It’s important to gear marketing collateral and communication toward factors students are gravitating to more. Information should be readily available and sent to students regarding financial aid and cost, providing an ample amount of campus visit dates, and speaking to what makes your school unique to allow students to figure out if the school could be a good fit for them. If a school fits from the beginning and a student feels they were given the correct information from the start, it’s a win-win from enrollment to graduation.
Did you rely on any social media platforms as part of your college search and decision-making process? If so, which ones?
Instagram, YouTube, and Facebook took the top spots for platforms used in our survey takers’ college search and decision-making. It’s no surprise to see reliance on Instagram and YouTube, as they both specifically offer immersive experiences for prospects to learn more about your school on an informal platform. Plain and simple: this generation loves visual content.
Interestingly, Snapchat landed in the fifth spot among our survey takers despite being a major up-and-coming social platform for this audience. Snapchat is just getting started, though, and should not be discounted. There’s so much potential for it in the higher education marketing space in the coming years—especially as it continues to roll out even better features (lenses, geofilters, promoted stories, story ads, etc.) that will enhance advertising and reach for schools. If it’s not on your radar or part of your upcoming marketing plan, it should be.
How to use social media as part of your strategy
Looking at the factors students care about the most (good fit, campus visits, cost/financial aid), social media can absolutely be leveraged to speak to each of those points. That said, putting a focus on Instagram and/or YouTube would be ideal, as they’re the platforms your audience is most likely on and you’ll have a much bigger reach. We’ve touched on both these platforms in past blogs, one discussing Instagram stories and the other video marketing. The beauty of social media is that there are organic and paid opportunities to take advantage of in addition to the fact that all this audience of prospective students is looking for is honesty and authenticity, which should make posting and engaging with students all that much easier.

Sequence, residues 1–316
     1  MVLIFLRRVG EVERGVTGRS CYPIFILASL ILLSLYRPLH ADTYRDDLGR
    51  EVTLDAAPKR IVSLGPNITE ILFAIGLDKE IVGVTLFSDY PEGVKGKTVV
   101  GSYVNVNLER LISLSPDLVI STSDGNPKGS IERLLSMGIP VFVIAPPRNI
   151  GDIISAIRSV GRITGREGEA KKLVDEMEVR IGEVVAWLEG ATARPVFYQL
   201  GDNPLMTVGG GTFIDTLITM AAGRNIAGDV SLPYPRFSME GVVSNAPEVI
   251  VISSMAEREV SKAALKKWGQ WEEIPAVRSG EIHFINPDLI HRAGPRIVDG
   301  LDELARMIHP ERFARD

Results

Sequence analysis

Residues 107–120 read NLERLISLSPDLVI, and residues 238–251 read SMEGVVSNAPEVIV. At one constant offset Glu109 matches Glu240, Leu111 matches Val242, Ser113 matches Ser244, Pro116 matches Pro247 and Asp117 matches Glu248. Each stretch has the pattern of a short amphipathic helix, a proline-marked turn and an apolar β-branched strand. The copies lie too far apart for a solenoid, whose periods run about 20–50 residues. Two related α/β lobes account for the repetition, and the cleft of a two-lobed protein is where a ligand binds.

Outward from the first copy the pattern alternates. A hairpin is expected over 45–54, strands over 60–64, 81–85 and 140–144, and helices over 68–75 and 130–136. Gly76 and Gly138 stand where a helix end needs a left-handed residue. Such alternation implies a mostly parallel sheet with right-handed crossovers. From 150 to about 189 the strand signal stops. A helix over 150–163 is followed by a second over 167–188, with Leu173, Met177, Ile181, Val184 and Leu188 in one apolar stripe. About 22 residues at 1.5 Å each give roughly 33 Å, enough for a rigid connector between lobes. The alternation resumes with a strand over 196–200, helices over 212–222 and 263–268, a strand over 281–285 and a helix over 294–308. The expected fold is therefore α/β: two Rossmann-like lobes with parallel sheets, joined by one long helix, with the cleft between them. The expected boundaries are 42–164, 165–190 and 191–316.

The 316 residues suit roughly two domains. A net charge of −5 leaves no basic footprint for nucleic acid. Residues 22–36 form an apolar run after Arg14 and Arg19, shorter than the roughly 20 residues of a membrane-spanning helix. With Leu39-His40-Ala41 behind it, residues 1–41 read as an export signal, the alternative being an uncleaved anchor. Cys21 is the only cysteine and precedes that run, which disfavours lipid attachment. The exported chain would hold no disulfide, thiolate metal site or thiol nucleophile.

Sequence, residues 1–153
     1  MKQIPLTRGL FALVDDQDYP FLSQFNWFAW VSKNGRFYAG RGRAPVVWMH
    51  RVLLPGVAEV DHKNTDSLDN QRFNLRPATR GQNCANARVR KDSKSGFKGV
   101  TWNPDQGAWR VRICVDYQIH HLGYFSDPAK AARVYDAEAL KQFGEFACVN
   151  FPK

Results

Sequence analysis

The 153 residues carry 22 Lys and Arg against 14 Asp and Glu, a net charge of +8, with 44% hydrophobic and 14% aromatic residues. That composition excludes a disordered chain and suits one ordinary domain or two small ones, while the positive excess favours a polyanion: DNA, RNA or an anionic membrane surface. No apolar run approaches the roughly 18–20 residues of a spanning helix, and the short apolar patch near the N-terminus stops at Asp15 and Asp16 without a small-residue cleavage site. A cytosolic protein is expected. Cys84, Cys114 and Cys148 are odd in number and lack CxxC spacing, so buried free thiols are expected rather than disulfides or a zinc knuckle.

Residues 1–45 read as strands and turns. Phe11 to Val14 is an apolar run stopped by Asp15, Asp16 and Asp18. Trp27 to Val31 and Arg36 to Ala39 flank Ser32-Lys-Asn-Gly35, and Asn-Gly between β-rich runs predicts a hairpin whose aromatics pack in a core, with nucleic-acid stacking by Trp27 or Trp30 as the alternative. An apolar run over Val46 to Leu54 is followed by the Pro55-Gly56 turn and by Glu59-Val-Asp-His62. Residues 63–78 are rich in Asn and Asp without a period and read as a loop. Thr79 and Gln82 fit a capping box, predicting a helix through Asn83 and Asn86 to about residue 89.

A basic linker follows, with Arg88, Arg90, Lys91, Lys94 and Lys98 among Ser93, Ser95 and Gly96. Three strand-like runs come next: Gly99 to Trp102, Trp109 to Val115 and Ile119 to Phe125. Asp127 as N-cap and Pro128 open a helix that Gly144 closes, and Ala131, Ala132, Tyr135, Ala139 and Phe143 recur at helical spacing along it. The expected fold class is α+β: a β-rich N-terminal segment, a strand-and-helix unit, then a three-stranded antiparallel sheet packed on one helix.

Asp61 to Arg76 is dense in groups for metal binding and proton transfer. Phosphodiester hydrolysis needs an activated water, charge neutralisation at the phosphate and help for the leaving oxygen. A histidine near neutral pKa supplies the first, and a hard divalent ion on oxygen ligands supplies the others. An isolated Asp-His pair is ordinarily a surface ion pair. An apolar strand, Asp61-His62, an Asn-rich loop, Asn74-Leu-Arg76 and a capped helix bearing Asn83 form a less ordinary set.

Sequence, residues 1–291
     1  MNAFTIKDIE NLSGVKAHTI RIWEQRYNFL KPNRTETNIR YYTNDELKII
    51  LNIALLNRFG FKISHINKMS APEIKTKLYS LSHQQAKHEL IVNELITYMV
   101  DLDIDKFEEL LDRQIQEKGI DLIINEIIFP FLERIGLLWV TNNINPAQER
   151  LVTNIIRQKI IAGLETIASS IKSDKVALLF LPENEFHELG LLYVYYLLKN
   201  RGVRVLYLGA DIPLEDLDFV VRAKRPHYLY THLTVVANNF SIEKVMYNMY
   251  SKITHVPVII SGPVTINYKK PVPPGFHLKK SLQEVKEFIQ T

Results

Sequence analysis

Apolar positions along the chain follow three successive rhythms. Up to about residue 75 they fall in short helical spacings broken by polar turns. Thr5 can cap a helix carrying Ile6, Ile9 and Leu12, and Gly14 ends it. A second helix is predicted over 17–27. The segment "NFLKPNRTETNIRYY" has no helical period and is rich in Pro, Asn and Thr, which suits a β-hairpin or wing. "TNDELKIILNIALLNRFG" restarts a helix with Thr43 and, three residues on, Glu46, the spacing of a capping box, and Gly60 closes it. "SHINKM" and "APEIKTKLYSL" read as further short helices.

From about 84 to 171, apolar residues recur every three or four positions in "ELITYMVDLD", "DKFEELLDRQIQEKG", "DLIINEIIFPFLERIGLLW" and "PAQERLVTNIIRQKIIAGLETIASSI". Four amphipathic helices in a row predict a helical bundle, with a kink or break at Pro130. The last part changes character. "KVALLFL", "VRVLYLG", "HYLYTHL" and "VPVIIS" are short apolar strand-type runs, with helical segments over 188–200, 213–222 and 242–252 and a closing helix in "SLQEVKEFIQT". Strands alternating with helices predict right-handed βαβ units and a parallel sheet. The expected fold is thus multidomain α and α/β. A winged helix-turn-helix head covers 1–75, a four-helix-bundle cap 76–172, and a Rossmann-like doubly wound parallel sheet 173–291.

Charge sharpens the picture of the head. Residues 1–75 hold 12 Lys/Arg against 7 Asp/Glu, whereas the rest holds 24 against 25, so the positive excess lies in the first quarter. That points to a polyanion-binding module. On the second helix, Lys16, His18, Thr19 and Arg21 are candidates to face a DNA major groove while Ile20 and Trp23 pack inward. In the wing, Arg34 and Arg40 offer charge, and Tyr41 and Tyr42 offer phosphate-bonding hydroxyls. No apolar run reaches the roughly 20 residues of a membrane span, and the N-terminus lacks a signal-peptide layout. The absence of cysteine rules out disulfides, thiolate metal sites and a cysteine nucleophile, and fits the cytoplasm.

More survey statistics:
- 42% of survey takers used social media in their decision-making process.
- Social media use led to a higher number of college applications.
- YouTube, Instagram, Facebook, and Twitter are all intertwined when it comes to usage (one would normally not be listed as used without at least one of the remaining two).
Capitalizing on the data
This survey is broad, but it highlights a few important things schools should be aware of to capitalize on this generation’s college search. Specifically, with the factors of what goes into a student’s decision-making, there’s no better data to have than to understand your “buyer’s” goals and values. Building an integrated strategy around those will give you the advantage every time. It’s important to note that in the grand scheme of things, the goal is the same: schools want to recruit the right students and those students want the right school. And that’s why when your marketing is done correctly and authentically, magic happens.
We also asked our survey takers what advice they’d give colleges and universities about the recruitment process. In Part 3, we’ll dissect all of their responses and break down the top categories of feedback. Stay tuned!